North Dakota’s growing prosperity continues to be on full display for the world this month. As we wrote previously, the state’s freedom to drill for oil has made it the 2nd largest producer of oil in the U.S. Recently, a North Dakota oil official publicly predicted that the state could come close to doubling current oil production to 1 million barrels per day by 2015. This would be an enormous achievement considering in 2003 production was just under 30 million barrels of crude oil for the entire year. This represents a 12-fold increase in just over a decade.
This year there are more North Dakotans than there have ever been, and with a 3% unemployment rate and a year-on-year job increase of 7.2%, almost all are working. The state is forecast to experience a 60% rise in population in the coming years as service and manufacturing industries build up around the over 200 rigs drilling now and slated to continue drilling for over 16 years. If producers are left free, there is no reason to believe this success will not continue.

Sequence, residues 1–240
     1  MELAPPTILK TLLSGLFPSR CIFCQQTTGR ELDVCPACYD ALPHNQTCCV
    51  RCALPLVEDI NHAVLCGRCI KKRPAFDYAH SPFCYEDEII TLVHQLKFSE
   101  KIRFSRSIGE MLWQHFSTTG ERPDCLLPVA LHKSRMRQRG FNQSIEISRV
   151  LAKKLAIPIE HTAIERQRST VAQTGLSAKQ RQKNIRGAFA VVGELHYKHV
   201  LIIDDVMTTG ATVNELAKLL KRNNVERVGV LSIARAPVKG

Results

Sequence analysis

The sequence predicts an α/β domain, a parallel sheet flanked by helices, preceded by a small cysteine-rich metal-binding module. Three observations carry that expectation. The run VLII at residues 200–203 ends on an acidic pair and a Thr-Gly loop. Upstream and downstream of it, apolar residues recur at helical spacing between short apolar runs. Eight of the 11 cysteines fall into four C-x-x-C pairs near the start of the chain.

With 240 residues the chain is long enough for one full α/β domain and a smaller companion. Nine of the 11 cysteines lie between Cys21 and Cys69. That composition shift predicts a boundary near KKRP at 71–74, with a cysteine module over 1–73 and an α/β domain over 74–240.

Last week the biggest ever Williston Basin Petroleum Conference was held with attendees from nine countries, 47 states and nine provinces eager to learn from North Dakota’s success. Some exhibitors and presenters indicated that the state may not be as free to develop as it has been in the past. Attendees were warned that the threats offered by those opposed to the oil industry, especially hydraulic fracturing, should be taken seriously. Other looming infringements on the rights and productivity of North Dakotans are the proposed federal tax changes that would specifically discriminate against the industry, long delays from federal permitting regulations, and the Environment Protection Agency’s recent efforts to usurp state regulatory agencies jurisdictions and expand its powers over the hydraulic fracturing industry.
The cause of North Dakota’s abundance was the rights of mineral holders to lease their properties to people willing to risk money on innovations in oil producing technology. When outside forces threaten to suppress these relationships it may be time to re-think our energy policy. As American Petroleum Institute (API) president and CEO, Jack Gerard, said this week, “We can have more North Dakotas. We can have more opportunities if we have the political will.”
I’ll rephrase that as the “The political will to leave them free.”